Images courtesy of Ron Guth
Known examples (7):
1. Fine 12, obverse
scratch. The Overton Specimen. Discovered by Walter Breen in
the Philip Straus collection in 1951. After Straus died, Stack's sold
portions of his collection, completely overlooking the importance of this
unique piece. Lot 1866 of Stack's May 1-3, 1959 Metr. N.Y. Conv.
Sale reads, in its entirety: "1806 Obverse B 13, Reverse A (sic -
Beistle reverse "A" appears on the Overton-109, not
Overton-108.) Unlisted combination. Round top 6.
Strictly Fine and very rare. Price realized - $36!" The
coin was privately held until 1970 when plated, catalogued (by Breen) and
offered by New Netherlands Coin Co., June 30, 1970, lot 369 as "just
Fine." The coin went to a mail bidder. The winner was a
local college student. When he received the coin from New
Netherlands, he got "cold feet." He had just spent an
enormous sum - for the time, and especially, to him - for a coin that had
just been listed in the Red Book. He called Charles Wormser and
obtained permission to rescind his purchase. Wormser was not
happy. "Now I'll have to put the coin on the market, " he
said. In fact, he called Al Overton and arranged a quick sale.
To Donald Parsley upon Overton's death in February 1972. To the
purchaser of the Overton collection in July 1993.
2. VF-30, wiped. The
Munson Specimen. Identified by Oklahoma dealer Charles Raymond Ross in
1965. Ross did not know he held the Holy Grail of Draped Bust half
dollars. He sold his find to specialist Pat Munson on February 17,
1966 for $85! Thin die break across the top of United. Sold to
dealer Larry Briggs in the Superior Galleries October, 1989 sale, lot 462,
sold for $50,600; thereafter to a collector by Private Treaty.
3. Fine 12. The
Schertz/Meyer Specimen. Late die state, exhibiting a heavy cud along
the reverse rim, through the upper serifs of UNITE. Discovered in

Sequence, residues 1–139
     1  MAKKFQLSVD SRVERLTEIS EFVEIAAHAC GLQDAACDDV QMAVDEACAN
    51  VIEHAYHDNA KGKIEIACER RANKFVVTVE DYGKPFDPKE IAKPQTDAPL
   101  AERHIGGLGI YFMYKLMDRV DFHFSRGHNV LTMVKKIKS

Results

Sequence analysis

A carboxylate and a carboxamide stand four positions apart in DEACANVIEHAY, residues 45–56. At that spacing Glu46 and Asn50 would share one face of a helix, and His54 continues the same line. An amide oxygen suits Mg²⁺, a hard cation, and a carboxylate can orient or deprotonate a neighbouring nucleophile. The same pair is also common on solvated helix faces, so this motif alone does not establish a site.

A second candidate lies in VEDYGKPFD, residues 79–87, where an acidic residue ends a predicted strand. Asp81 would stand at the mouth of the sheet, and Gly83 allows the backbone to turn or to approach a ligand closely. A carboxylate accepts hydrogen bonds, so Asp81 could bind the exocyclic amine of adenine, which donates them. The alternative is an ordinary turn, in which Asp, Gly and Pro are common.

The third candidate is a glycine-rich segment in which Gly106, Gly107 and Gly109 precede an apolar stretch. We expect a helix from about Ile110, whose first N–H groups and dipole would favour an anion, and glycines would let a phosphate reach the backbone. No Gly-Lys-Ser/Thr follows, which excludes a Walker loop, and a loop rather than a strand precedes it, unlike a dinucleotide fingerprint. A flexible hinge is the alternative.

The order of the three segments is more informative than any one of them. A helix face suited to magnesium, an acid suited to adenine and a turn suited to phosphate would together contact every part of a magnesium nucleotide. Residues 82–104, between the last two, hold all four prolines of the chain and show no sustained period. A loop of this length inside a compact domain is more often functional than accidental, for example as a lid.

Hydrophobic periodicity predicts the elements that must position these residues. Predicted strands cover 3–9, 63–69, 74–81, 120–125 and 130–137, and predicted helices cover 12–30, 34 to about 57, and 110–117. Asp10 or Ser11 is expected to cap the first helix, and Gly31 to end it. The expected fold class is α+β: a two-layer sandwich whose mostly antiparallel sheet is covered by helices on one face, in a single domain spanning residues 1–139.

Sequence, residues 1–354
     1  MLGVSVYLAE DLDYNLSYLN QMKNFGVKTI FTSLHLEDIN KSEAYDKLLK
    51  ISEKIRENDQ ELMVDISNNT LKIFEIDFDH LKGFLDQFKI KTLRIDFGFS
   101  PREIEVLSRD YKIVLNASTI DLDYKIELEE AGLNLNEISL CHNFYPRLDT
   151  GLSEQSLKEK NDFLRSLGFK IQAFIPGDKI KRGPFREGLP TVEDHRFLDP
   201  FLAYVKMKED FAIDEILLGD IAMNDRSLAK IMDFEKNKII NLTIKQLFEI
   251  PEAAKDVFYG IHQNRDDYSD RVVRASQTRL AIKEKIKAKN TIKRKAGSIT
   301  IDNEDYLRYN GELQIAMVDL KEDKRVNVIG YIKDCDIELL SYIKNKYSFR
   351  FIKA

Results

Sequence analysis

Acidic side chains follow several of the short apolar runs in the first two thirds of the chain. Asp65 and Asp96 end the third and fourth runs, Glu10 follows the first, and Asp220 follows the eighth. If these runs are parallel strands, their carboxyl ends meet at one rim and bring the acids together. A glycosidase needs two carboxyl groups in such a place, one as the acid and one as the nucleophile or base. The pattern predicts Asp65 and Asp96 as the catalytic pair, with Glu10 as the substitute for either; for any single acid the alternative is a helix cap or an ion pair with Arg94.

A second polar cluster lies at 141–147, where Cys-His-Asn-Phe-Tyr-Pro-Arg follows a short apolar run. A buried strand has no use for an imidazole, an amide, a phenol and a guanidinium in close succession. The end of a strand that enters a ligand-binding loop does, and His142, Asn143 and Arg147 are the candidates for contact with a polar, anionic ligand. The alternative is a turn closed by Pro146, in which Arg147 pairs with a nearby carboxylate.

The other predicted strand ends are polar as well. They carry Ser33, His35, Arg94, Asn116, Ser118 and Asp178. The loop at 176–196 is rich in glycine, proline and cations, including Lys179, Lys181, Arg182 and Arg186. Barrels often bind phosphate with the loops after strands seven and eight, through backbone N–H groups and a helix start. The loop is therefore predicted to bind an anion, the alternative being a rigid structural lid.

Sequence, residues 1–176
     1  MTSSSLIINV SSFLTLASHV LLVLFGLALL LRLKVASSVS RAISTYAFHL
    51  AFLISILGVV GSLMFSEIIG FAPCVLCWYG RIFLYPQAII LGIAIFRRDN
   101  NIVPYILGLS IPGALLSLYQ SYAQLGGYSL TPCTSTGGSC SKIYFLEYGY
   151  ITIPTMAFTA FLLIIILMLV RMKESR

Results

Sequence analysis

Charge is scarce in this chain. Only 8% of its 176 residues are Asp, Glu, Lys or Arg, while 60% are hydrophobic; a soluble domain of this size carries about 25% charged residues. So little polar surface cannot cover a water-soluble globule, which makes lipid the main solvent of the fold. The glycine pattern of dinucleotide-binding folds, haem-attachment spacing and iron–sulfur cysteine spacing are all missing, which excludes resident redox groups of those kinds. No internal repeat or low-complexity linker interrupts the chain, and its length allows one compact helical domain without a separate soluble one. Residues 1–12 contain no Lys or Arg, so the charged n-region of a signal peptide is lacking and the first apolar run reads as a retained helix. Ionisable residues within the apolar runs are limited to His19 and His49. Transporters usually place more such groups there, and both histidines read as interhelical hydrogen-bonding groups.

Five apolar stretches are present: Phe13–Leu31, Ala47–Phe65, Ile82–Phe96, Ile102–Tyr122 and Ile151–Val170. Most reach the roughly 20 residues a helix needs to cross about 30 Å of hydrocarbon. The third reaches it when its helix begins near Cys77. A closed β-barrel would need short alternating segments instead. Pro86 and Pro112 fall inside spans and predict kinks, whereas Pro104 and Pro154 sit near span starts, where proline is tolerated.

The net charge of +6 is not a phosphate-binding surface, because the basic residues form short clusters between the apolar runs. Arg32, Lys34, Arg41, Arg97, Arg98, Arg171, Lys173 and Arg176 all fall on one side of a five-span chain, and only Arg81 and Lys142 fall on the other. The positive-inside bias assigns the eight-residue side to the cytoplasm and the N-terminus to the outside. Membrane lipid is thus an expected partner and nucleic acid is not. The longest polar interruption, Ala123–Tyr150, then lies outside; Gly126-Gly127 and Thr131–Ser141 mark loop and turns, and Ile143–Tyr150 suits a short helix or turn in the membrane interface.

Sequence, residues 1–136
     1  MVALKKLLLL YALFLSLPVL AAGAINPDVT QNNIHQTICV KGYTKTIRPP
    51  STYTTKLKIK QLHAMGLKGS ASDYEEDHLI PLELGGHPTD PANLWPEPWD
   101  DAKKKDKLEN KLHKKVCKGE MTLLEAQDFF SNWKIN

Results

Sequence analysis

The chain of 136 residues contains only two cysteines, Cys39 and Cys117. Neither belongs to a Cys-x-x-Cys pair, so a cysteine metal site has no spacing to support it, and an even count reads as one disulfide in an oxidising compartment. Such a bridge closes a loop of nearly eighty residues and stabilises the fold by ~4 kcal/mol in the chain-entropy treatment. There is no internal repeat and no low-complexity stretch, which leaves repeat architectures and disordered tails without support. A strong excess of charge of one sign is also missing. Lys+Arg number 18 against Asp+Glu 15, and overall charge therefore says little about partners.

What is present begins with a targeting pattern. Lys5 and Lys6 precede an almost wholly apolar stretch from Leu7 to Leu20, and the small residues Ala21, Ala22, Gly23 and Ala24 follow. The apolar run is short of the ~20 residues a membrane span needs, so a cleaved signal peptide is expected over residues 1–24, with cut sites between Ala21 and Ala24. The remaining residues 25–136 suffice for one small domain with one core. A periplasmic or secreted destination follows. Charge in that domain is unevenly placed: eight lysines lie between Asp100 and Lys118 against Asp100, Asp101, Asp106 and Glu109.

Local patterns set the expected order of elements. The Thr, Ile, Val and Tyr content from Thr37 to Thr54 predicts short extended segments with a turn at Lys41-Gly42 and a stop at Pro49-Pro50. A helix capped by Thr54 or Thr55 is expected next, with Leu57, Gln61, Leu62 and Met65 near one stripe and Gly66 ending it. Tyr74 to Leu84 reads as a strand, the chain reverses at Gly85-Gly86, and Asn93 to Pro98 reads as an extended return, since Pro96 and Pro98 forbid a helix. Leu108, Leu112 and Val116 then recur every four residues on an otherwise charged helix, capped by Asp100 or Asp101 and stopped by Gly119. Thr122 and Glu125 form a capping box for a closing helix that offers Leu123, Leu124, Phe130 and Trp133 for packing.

the mid-1970s by vest-pocket dealer Harry Bernstein of Brooklyn, NY.
Sold privately to Dr. Jeffrey Friedman, a noted student and collector of
the series, in July 1979. Friedman sold the coin to Dr. Gerald
Schertz, on April 1, 1985. In 1996, Schertz consigned the piece to
Sheridan Downey, who sold it to Charlton Meyer.
4. VG-10. The
Frederick Specimen. Discovered in Hawaii in December 1976 by a
mainland dealer. Promptly resold in January 1977, to noted
dealer-collector Donald Frederick. Late die state, comparable to the
5. PCGS XF-40 (formerly
ANACS VF-30). The El
Paso Specimen. Reportedly found in El Paso, TX; purchased
unattributed in 1979 for $375. The coin popped up in 2002 in Florida and was
sold to the present consignor through one or two intermediaries. No
die crack across the top of UNITED; softly struck on the tip of the bust
and on the upper right reverse.
6. Fine-12/VG-10. The
Pennsylvania Specimen. In 1984 a 6th example surfaced at a
Pennsylvania coin show. Examined, attributed and appraised by a
specialist with impeccable credentials who called it a "no problem
coin." The owner preferred to remain anonymous and was not
heard from until 1997 when the coin was again displayed to a (different)
7. PCGS VF-35, without
problems. The Greer/Schertz Specimen. Early die state,
comparable to the preceding Munson specimen (thin die break across top of
UNITED). Light gray toning, somewhat darker through stars and
legend. Ubiquitous (striking) weakness at drapery lines and Clouds
opposite. Discovered by Brian Greer January 4, 1995 during the FUN
Show in Orlando, Florida. Immediately sold to Sheridan Downey, who
resold the piece to Dr. Gerald Schertz. Dr. Schertz the coin to
Sheridan Downey, who sold the coin to a private collector for an
Sources and/or recommended
courtesy of Sheridan
Half Dollar Die Varieties 1794-1836", Third Edition, by Al C.
Overton (purchase a copy by clicking on the title)
"The PCGS Population
Report, July 2003" by The Professional Coin Grading Service